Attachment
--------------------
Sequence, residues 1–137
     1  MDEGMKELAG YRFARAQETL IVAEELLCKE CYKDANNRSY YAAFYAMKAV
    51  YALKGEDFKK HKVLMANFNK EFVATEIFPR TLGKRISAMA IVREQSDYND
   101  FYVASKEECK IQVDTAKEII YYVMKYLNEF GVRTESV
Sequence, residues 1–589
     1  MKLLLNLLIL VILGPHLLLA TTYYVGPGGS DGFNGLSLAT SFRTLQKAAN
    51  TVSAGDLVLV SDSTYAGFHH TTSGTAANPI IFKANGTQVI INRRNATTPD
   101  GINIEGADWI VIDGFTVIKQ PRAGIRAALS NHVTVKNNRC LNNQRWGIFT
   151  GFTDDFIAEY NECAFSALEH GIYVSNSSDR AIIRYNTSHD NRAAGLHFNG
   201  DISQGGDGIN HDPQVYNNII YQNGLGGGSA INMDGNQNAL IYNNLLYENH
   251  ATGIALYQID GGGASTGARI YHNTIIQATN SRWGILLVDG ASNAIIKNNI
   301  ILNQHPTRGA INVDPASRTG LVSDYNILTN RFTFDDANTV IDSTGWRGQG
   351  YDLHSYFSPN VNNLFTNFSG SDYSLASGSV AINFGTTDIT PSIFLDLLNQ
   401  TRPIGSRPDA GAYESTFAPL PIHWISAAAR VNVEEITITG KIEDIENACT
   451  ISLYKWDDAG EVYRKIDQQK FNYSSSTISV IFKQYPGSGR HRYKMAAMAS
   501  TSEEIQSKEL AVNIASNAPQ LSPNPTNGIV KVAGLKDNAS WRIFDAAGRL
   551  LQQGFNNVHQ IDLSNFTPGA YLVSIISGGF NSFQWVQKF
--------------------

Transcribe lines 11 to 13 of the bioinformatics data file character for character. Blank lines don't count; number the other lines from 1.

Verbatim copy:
   251  ATGIALYQID GGGASTGARI YHNTIIQATN SRWGILLVDG ASNAIIKNNI
   301  ILNQHPTRGA INVDPASRTG LVSDYNILTN RFTFDDANTV IDSTGWRGQG
   351  YDLHSYFSPN VNNLFTNFSG SDYSLASGSV AINFGTTDIT PSIFLDLLNQ